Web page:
Crosstalk between cardiomyocytes and noncardiomyocytes is essential to prevent cardiomyocyte apoptosis induced by proteasome inhibition

Abstract

Heart is a multi-cellular organ made up of various cell types interacting with each other. Cardiomyocytes may benefit or suffer from crosstalk with noncardiomyocytes in response to diverse kinds of cardiac stresses. Proteasome dysfunction is a common cardiac stress which causes cardiac proteotoxicity and contributes to cardiac diseases such as heart failure and myocardial infarction. The role of crosstalk between cardiomyocytes and noncardiomyocytes in defense of cardiac proteotoxicity remains unknown. Here, we report a cardiomyocyte-specific survival upon proteasome inhibition in a heterogeneous culture consisting of cardiomyocytes and other three major cardiac cell types. Conversely, cardiomyocyte apoptosis is remarkably induced by proteasome inhibition in a homogeneous culture consisting of a majority of cardiomyocytes, demonstrating an indispensable role of noncardiomyocytes in the prevention of cardiomyocyte apoptosis resulting from proteasome inhibition. We further show that cardiomyocytes express brain natriuretic peptide (BNP) as an extracellular molecule in response to proteasome inhibition. Blockade of BNP receptor on noncardiomyocytes significantly exacerbated the cardiomyocyte apoptosis, indicating a paracrine function of cardiomyocyte-released extracellular BNP in activation of a protective feedback from noncardiomyocytes. Finally, we demonstrate that proteasome inhibition-activated transcriptional up-regulation of BNP in cardiomyocytes was associated with the dissociation of repressor element 1 silencing transcription factor (REST)/ histone deacetylase 1 (HDAC1) repressor complex from BNP gene promoter. Consistently, the induction of BNP could be further augmented by the treatment of HDAC inhibitors. We conclude that the crosstalk between cardiomyocytes and noncardiomyocytes plays a crucial role in the protection of cardiomyocytes from proteotoxicity stress, and identify cardiomyocyte-released BNP as a novel paracrine signaling molecule mediating this crosstalk. These findings provide new insights into the key regulators and cardioprotective mechanism in proteasome dysfunction-related cardiac diseases.

Introduction

Ubiquitin-proteasome system (UPS) is critical for the protein quality control in the heart. UPS dysfunction is associated with a wide range of cardiac pathologies including cardiac hypertrophy, familial cardiomyopathies, chronic heart failure and myocardial ischemia-reperfusion injury1,2,3,4,5. Reduced proteasome activity is also a characteristic of cardiac aging, which further exaggerates the functional decline of the heart and triggers numerous age-related diseases6,7. UPS dysfunction induced by proteasome inhibition disrupts intracellular protein turnover and degradation of misfolded, oxidized, and damaged proteins, thereby causing cellular proteotoxicity. Protective cellular response to proteasome inhibition is critical for cell survival, as the continued presence of proteotoxicity usually leads to apoptosis in different cell types including cardiac cells1,2,3,8. Cardiomyocytes are regarded particularly susceptible to proteotoxicity as they are post-mitotic cells, which are unable to dilute the proteotoxicity through asymmetric division2. Indeed, a number of studies have provided in vitro evidence of proteasome inhibition-induced apoptosis in cultured cardiomyocytes9,10,11,12. However, systemic proteasome inhibition in vivo prefers cardiomyopathies rather than cardiomyocyte apoptosis5,9,13. In addition, cardiomyocyte apoptosis appears to be far more rare than noncardiomyocyte apoptosis in diseased hearts14,15. Given that cardiomyocytes communicate with a variety of noncardiomyocytes in the myocardium in response to pathophysiological stresses16, crosstalk between cardiomyocytes and noncardiomyocytes is likely to play a protective role in cardiomyocytes’ response to proteasome inhibition, the evidence of which remains lacking.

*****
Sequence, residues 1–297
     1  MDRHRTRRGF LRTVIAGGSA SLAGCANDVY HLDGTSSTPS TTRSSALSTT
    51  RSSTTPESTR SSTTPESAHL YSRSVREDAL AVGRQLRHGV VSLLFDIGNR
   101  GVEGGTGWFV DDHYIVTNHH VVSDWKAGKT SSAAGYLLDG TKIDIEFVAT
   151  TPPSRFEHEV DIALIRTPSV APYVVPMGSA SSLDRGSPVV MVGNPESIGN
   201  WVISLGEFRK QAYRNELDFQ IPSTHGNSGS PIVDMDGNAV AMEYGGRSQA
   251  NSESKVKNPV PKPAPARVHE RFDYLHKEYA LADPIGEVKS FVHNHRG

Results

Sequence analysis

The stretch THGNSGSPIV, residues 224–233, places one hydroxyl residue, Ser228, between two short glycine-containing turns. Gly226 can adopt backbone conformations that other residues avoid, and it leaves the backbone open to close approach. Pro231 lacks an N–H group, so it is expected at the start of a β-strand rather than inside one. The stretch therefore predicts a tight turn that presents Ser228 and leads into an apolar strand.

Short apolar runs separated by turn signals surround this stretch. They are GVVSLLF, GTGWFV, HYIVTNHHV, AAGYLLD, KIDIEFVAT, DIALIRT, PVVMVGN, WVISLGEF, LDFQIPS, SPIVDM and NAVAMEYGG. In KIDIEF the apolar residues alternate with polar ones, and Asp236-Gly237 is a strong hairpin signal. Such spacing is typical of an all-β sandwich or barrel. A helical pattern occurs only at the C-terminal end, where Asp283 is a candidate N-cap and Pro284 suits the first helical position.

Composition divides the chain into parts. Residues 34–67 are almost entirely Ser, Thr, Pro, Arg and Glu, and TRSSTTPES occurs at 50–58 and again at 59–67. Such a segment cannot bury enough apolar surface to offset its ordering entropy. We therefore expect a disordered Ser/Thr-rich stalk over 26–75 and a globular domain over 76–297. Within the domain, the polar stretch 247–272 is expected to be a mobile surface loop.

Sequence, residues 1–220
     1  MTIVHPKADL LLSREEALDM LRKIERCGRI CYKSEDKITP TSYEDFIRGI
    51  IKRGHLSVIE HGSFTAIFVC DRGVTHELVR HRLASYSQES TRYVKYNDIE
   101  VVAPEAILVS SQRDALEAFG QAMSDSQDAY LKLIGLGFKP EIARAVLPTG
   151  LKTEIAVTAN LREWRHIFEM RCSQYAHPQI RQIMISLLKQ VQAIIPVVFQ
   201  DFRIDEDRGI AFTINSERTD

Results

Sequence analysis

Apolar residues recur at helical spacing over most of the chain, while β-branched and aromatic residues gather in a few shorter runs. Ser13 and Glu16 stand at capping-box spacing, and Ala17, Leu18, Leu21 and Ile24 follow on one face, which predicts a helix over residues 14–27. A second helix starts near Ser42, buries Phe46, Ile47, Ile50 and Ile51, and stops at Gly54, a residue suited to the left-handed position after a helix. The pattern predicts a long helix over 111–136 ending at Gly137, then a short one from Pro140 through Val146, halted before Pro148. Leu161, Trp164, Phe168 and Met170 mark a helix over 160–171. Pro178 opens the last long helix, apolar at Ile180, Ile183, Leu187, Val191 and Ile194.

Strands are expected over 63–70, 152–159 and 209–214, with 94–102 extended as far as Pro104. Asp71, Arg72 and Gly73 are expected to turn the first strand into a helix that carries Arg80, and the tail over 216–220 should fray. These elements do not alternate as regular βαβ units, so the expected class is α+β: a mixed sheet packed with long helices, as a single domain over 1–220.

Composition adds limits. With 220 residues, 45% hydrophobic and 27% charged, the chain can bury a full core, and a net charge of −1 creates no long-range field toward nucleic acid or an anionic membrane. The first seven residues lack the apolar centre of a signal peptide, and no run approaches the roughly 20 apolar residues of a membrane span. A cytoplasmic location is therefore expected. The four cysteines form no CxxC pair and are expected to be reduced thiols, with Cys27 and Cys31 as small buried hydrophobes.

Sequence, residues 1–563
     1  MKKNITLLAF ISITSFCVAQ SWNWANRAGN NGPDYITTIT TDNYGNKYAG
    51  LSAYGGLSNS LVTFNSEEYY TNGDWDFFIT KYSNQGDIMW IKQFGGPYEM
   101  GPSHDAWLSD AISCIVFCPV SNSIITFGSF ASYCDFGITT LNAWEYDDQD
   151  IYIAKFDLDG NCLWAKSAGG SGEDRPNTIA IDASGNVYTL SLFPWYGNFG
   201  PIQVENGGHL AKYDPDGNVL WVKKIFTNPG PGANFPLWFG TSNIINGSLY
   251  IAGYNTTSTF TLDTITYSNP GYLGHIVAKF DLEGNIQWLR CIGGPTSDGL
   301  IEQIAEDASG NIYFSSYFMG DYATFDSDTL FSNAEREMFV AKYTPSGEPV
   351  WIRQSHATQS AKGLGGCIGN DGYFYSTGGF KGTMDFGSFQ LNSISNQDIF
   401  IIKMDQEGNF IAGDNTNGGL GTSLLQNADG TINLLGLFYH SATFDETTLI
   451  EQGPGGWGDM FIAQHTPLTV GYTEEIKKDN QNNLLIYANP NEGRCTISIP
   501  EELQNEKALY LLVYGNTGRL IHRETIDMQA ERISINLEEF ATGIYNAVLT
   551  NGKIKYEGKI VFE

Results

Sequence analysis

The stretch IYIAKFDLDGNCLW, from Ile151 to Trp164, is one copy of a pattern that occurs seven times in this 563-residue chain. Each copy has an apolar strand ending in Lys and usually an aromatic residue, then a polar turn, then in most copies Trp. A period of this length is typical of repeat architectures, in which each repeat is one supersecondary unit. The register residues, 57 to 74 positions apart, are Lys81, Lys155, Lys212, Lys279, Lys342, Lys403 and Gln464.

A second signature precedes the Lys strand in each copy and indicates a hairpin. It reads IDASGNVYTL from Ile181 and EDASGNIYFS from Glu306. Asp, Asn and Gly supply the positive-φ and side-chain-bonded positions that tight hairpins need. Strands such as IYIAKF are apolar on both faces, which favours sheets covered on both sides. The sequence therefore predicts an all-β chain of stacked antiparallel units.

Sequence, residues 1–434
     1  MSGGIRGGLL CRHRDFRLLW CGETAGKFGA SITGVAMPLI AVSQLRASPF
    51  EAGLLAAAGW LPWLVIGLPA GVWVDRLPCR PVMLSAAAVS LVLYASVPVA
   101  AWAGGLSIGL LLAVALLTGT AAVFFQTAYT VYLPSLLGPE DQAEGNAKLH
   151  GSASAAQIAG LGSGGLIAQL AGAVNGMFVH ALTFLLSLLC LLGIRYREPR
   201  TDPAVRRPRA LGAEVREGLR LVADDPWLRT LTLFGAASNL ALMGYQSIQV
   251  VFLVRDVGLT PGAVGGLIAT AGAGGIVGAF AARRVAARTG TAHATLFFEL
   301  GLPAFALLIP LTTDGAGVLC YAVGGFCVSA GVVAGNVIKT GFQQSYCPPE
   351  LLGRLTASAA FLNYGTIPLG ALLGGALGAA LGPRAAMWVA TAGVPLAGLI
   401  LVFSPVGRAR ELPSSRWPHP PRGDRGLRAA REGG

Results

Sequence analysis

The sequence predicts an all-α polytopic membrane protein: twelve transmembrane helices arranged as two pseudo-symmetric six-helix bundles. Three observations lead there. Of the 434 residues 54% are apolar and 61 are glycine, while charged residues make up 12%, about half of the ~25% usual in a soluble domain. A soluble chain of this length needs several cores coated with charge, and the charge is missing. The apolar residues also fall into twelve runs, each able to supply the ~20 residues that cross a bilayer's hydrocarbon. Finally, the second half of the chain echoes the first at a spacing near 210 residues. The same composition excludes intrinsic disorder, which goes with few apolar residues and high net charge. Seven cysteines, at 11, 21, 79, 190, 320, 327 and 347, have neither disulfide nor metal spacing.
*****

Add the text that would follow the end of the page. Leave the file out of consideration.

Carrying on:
Cardiomyocytes utilize various kinds of survival strategies in defense of different cardiac stresses17. One of these strategies is through cell-cell communication. Within the heart, for instance, IL-33 is produced by cardiac fibroblasts as paracrine signal to alleviate cardiomyocyte hypertrophy in pressure overload and myocardial infarction18. Extracellular vesicles are secreted by cardiac progenitor cells (CPCs) to inhibit cardiomyocyte apoptosis after myocardial infarction19. Between organs, natriuretic peptides (NPs) including atrial natriuretic peptide (ANP) and brain natriuretic peptide (BNP) are specifically secreted by stressed cardiomyocytes to exert cardioprotective function20,21. This cardioprotective effect is mainly attributed to cardiomyocytes as endocrine cells and NPs as hormones acting on remote organs such as kidneys and adrenal glands to regulate blood pressure and fluid homeostasis22. Furthermore, in clinical treatment of cardiovascular diseases such as heart failure and myocardial infarction, NPs are also used as diagnostic and therapeutic tools for their diuretic and natriuretic roles23,24. However, whether NPs have any direct cardioprotective function on local environment remains unclear. On the other hand, animal experiments using BNP knockout mice and cell experiments using exogenous BNP have demonstrated paracrine effects of BNP on cardiac fibroblasts to reduce ventricular fibrosis and on CPCs to promote proliferation and differentiation, respectively25,26. The comprehensive roles of BNP in the cardiovascular system are far from fully understood.